Instead of killing the criminal immediately, the authorities would say to his parents: “Look, your relative has killed a person”. If the parents said: “do not kill him, we are going to pay for compensation”. The Mwami would respond: “Let it be, it is agreed!” The close relatives then had to pay.

  • The initiative of the Mutoni in matters of capital punishment

If on the other hand the relatives responded by saying: “Kill him, it is his fault; we will not speak in his defense”. The Lumarizia often would give the instruction to the premier Mutoni to have the murderer executed by the “bikola” (executioners).

It is here that the Mutoni eventually had to play a major role. Instead of putting the accused to death, he could save him. How did he do it?

He would go away from the village, accompanied by the bikola. There, they would find a tree called “Mulombwa”; the sieve of which is as red as blood. They would then stab their spears into the cork of the tree, in order to give them the appearance of being stained with human blood. Afterwards, they would return to the village and say to the Mwami: “Waliha twali twamwita”. It means, “Sire, we have executed the criminal”.

Msiri would think that the criminal had gone through the same fate as his victim, when in reality, he was hidden and fed by the Mutoni.

Shortly thereafter, when the case had almost been forgotten, the Mutoni would go find the Mwami. He would start by being sycophantic and flattering of his magnanimity, which “was well known by all of his subjects”.

When he thought he had achieved his goal, the Mutoni would leave his place and would get on his knees, by the Mwami’s feet, and would admit of his actions. He would provide the Mwami with the reasons that lead him to spare the criminal’s life, in the following terms: “Mwene kili, oya muntu tulamushizia muhayo magambo gamwe gali gasoga nge kushila ashila”. It means, “Sire, we spared the life of this man, because he is not as guilty as we initially thought. He does not deserve capital punishment”.

If the Mwami were convinced by this plea, he would summon the man and say: “Oti washila baga muntu wane, wigalizie tuhu mutende, shina kusuviaho bukabili yoo, oye”. It means, “since your life has been spared, my subject, remain calm”. However, from now on, do not do it again, never again!”

With a little bit of luck, the man would become the Mwami’s page, which allowed the latter to keep a close eye on him.

As for the Mutoni, who had dared take such an initiative, he was overwhelmed with honors. This was generally an occasion for the Batoni to attract the favors of the Master.

For the simple fact that the criminal had not suffered his deserved sentence, if he were to become the Lumarizia’s page, it would be the Lumarizia’s responsibility to compensate the victim’s family in place of the criminal.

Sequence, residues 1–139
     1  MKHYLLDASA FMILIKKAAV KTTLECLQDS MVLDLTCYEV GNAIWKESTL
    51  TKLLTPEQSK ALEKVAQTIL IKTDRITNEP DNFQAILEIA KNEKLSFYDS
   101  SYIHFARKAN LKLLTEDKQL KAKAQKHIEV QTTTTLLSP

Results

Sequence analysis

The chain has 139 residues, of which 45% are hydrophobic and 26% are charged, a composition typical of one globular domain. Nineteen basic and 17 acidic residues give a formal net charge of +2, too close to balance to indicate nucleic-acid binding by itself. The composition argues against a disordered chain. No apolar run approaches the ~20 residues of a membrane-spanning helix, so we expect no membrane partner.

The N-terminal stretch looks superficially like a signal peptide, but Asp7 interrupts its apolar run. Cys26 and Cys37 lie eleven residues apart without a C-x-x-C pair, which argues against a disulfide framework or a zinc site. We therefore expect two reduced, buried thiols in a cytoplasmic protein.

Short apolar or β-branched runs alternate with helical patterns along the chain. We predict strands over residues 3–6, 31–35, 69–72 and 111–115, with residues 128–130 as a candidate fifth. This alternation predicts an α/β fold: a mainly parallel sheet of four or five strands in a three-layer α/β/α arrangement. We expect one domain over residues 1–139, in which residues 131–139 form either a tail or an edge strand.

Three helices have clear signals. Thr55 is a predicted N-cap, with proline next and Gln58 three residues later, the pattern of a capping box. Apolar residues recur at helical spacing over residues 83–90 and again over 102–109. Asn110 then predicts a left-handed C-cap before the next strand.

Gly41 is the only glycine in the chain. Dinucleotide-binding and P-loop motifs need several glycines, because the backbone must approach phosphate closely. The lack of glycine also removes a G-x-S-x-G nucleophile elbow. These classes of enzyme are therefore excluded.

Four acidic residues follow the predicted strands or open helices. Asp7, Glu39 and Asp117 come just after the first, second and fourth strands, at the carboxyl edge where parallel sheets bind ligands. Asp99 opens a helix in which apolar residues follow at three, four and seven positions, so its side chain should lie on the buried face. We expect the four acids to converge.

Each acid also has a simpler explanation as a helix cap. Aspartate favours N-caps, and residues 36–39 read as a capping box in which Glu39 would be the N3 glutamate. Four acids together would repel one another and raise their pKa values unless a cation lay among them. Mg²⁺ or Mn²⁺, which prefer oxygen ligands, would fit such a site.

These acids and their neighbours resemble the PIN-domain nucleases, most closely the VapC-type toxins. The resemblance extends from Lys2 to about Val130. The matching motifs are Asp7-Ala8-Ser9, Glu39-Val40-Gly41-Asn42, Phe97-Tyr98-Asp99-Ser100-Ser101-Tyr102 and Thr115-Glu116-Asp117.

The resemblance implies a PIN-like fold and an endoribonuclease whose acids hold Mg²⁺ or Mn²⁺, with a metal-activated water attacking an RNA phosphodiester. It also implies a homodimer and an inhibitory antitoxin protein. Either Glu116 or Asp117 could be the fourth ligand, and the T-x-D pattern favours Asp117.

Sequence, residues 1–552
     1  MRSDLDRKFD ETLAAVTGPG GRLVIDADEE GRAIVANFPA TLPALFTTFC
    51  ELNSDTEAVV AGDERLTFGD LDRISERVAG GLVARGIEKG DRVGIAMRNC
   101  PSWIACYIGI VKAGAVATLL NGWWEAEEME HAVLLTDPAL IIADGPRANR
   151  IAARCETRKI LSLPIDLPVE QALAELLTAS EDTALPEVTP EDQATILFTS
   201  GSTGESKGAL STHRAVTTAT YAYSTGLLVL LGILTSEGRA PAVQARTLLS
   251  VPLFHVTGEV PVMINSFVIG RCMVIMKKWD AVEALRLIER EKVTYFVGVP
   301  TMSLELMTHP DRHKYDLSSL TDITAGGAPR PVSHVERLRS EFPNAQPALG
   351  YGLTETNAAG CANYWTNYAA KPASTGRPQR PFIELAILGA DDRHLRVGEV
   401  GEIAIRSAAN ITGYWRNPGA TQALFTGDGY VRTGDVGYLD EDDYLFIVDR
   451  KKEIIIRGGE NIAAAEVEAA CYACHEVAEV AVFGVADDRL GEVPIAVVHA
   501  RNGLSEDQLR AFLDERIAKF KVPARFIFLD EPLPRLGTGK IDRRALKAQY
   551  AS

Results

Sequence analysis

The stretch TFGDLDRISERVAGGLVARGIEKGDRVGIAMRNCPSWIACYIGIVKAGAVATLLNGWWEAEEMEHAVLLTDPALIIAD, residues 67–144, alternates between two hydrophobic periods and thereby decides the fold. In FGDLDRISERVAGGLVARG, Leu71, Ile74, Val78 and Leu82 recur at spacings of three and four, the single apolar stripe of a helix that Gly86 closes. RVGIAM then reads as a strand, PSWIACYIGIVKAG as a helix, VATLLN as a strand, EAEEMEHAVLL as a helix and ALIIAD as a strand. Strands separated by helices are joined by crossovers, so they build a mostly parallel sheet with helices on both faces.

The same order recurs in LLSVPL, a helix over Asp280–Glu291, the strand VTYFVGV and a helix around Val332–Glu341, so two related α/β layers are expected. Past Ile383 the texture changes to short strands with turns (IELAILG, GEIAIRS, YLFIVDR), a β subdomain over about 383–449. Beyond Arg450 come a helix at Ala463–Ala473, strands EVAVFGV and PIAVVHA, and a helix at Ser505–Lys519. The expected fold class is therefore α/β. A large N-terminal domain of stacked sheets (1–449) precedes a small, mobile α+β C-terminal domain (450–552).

• Pain of incarceration

Let us envisage a petty crime, which does not deserve capital punishment. For instance, if someone kidnaps the wife of another man, and takes her away. As soon as the Mwenda is aware, he would summon the guilty parties: the man, and the woman. If they refuse, then they would be arrested.

When they appear, the authorities ask the man: “Why did you abduct your friend’s wife?” If he answers: “I was tempted. Msiri would summon his parents, so that they could hear the declarations of their brother (relative). If the relatives say: “O waliha! (Master) we agree to pay compensation to the husband that was cheated on. The Master would say: “Pay, give, let us have a person and your crime would be absolved. Let us remember that Msiri allowed domestic slavery.

If on the other hand his parents said: “we do not want to take care of a villain, a person that acted wrongly. We will not pay for him”. He is then imprisoned for five months, approximately, since this period corresponded to the prisoner’s behavior.

During this time, the prisoner would work for the Mwami, who will give compensation to the woman’s husband.

  • Corporal punishment

When the crime does not justify prison sentence, the guilty suffered a number of whippings. “Bamuhule milanga muhayo atekomvwanga!” It means: “Only whip him, for he does not listen”.

Another corporal punishment was applied when a prisoner proved to be difficult and threatened to flee. They would say: “Bamutule mw’ikoli inkilunga!” It means, “put him in the ikoli to prevent him from fleeing”. Ikoli is a piece of wood, in which they dug a hole and put one of the prisoner’s legs, while the other was free. The ikoli is very heavy and the opening very narrow to prevent it from climbing over the ankles. It is therefore immobilized until the day he gives in.

  • Guilty and fugitive

When the criminal has escaped before he is apprehended, two cases are to be envisaged, since they are dependent on their condition.

First, let us imagine a case, where the one murdered is a slave. If the murderer remains away, in a foreign land, during a period of ten or fifteen years, and afterwards decides to return, he will not be hunted.

What I mean by foreign land is a land that is outside of the Yeke Empire. In the east, it was the regions of the Tanganyika, to the Bangwelo, at kings Citimukulu and Mwamba. In the South the lands of the Balozi towards today’s border with Mozambique, at King Liwanika’s. In the west, it was Angola. In the north, the region of the Kasai (part of the Basonge was incorporated in our Kingdom).

On the other hand, if the individual was a “Munaka”, citizen or free man, and especially if it was a Mwanangwa who committed the crime, there is basically no prescription. Often, Msiri did not wait for the murdered to return out of his own volition. He would send his messengers to the foreign king, in order to request the extradition of the culprit.

At times, it is the foreign chief himself, in order to avoid rows with the Bayeke, who would take the initiative to arrest the fugitive and send him to Mwenda.


Final Project, Lovanium Kisantu, 1953.

Godefroid Munongo